Breaking down the loss at UCLA: UVA game-planned poorly, had worse execution, didn’t care

UVaHelmet_1It’s hard to imagine a worse way to start a make-or-break season. The UVA defense allowed UCLA to gain over 500 yards, and the Cavs’ offense couldn’t run the ball, and couldn’t convert in the red zone when it mattered.

All that, plus a run of dumb penalties, and the amazing thing is that the final score was only 34-16, because it seemed a lot worse.

“They did what they had to do, and we didn’t do enough,” was how Virginia coach Mike London summed it up, which was generous.

Defense was Virginia’s linchpin in 2014, but the D was a sieve on Saturday, allowing 503 total yards to UCLA, whose true freshman quarterback, Josh Rosen, shredded the UVA secondary for 351 yards on 28-of-35 passing.

Rosen was sacked once, hit one other time, and the Virginia defense registered exactly zero quarterback hurries.

“They did a great job from the shotgun touch to get the ball out of his hands, whether it was screens or quick passes to the perimeter,” London said. “The things you can do, you can affect the passes with your hands in the lane or play tight coverages, all those things, and he did a great job of just using the scheme of the system they have. They have really good players. Their offensive line is a better offensive line than I remember from last year. They’re really good up front there.”

The Bruins also ran effectively, gaining 152 yards on 34 carries, 4.5 yards per run. Basically, UCLA was able to do whatever it wanted on offense.

The UVA offense was able to move the ball effectively in the first half, gaining 178 yards on 35 plays, 5.1 yards per play. But two drives in the red zone stalled and ended in Ian Frye field goals, leaving eight points on the field in a game that had Virginia go into the halftime break down eight, 17-9.

“We didn’t help them by not being able to convert on some red-zone opportunities to score touchdowns to get points,” London said. “Field goals are fine, but in a game like this playing a good team you’ve got to come away with points.”

That much is obvious. Virginia eventually punched in a red-zone opportunity with a fourth-quarter touchdown with the outcome already decided. The trend is reminiscent of the inefficiency of the red-zone offense in 2014, when UVA was third nationally with 18 red-zone field goals made.

The struggles with the ground game were also reminiscent of 2014. Virginia committed to trying to get the run going, but gained just 2.9 yards per attempt on its 34 rushes, for 98 yards from scrimmage for the day.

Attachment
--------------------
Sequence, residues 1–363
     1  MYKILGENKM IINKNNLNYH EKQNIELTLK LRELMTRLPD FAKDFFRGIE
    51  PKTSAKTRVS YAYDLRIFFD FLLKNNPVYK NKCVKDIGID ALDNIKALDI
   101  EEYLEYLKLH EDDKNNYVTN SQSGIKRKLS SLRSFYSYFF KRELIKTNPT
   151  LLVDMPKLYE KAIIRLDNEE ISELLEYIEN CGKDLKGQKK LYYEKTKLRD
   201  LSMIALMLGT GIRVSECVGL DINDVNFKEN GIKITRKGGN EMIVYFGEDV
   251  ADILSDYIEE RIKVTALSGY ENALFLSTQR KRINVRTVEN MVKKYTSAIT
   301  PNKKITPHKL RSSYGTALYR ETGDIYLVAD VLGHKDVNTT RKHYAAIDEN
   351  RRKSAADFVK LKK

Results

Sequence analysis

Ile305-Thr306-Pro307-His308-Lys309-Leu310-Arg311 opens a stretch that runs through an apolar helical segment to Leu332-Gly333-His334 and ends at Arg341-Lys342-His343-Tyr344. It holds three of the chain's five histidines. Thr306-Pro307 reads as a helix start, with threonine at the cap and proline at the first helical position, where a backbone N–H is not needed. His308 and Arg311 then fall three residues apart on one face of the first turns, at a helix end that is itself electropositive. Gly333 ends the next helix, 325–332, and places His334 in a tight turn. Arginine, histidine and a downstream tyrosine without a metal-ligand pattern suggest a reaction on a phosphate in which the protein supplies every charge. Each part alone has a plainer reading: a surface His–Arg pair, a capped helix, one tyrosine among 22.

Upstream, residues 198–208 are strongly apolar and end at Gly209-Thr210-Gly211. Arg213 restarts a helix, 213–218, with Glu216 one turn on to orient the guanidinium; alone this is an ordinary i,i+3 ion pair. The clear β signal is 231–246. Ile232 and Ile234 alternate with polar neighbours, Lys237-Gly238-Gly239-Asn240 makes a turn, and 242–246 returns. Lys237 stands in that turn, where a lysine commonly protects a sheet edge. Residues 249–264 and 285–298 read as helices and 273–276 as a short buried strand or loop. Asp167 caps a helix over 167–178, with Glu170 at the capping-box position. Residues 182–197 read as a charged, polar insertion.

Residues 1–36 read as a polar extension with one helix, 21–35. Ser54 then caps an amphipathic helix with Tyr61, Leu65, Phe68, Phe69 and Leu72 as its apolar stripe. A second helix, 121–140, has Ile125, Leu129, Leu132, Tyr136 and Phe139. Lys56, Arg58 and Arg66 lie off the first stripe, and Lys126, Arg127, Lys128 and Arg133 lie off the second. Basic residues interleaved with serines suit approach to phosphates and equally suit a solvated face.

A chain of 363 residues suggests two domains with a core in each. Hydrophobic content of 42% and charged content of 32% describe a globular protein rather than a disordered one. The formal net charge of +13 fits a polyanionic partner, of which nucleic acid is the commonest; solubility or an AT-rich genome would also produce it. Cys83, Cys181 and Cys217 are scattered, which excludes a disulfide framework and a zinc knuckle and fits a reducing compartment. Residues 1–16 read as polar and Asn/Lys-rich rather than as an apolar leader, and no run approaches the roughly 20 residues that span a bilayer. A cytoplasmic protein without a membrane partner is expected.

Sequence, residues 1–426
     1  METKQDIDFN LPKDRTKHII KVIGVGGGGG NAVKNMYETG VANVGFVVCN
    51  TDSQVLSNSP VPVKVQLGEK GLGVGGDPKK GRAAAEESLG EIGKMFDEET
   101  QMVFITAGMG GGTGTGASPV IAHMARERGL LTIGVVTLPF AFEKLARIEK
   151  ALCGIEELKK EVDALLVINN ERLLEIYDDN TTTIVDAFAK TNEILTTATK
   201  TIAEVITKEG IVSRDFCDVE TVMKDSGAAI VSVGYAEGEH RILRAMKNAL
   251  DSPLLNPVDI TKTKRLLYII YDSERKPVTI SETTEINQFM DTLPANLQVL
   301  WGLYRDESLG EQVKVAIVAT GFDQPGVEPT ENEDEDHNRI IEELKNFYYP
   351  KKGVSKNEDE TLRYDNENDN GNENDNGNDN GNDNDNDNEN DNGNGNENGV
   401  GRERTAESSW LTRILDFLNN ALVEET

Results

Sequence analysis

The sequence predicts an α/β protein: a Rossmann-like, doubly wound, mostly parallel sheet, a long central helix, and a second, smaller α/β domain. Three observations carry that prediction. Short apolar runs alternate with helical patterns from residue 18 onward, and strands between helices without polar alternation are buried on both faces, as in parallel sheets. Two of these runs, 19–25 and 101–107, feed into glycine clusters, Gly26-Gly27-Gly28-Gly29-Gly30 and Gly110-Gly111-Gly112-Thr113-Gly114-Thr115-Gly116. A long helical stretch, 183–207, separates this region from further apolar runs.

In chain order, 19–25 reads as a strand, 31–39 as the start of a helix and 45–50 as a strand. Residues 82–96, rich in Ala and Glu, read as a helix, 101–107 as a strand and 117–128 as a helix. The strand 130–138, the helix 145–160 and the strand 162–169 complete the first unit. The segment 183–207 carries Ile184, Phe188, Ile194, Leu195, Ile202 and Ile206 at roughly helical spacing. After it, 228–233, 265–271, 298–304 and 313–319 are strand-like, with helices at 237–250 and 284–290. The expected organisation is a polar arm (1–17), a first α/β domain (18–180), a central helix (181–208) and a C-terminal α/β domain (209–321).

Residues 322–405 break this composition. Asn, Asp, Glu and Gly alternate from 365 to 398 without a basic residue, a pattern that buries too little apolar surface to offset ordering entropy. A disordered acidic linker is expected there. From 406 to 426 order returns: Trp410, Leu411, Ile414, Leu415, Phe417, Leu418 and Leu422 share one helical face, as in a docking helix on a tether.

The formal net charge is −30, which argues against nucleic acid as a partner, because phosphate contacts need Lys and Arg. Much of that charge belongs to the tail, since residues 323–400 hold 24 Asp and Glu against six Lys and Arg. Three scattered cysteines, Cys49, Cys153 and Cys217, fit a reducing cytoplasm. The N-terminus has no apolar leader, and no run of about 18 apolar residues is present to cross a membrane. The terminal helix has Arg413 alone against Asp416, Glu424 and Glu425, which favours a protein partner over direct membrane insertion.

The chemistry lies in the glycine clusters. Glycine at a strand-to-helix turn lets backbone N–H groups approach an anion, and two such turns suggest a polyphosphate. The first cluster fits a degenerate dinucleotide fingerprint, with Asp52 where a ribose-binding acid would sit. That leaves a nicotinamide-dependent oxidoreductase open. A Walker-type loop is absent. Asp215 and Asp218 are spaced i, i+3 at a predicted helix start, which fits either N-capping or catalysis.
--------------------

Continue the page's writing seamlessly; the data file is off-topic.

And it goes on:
Take out a 13-yard Matt Johns scramble and a six-yard gain by punter Nicholas Conte on a fake, and not that it can get much worse, but it does.

Conte was a bright spot – punting the ball four times for an average of 50.5 yards per boot, two inside the 20.

Frye was a bright spot, going a perfect 3-for-3 on field goals, the two chip shots and a 42-yarder.

Johns, by and large, had a solid game, going 21-for-35 for 238 yards, with one touchdown, one interception and a 120.8 passer rating, a tick below his 122.6 passer rating for 2014.

But that was part of the problem. The offense was, by and large, what it was in 2014, a unit that had trouble running the ball, passed the ball decently, had trouble scoring in the red zone.

The defense was the difference last year, but the 2015 defense looks more like the 2013 defense than the 2014 defense.

With #11 Notre Dame and #23 Boise State on their way to Charlottesville this month, Virginia can’t afford to look like it did on Saturday: a team that had all spring and summer to get ready for UCLA, came out with a poor game plan, offensively and defensively, failed to execute even those poor game plans, and outside the punter, placekicker and starting quarterback didn’t seem to care.

“You got to move onto the next challenge, and the next challenge is Scott’s Stadium – Notre Dame,” London said. “We have to look at some things we did here and take care of some things until another opportunity presents itself. We’ve just begun.”

– Story by Chris Graham



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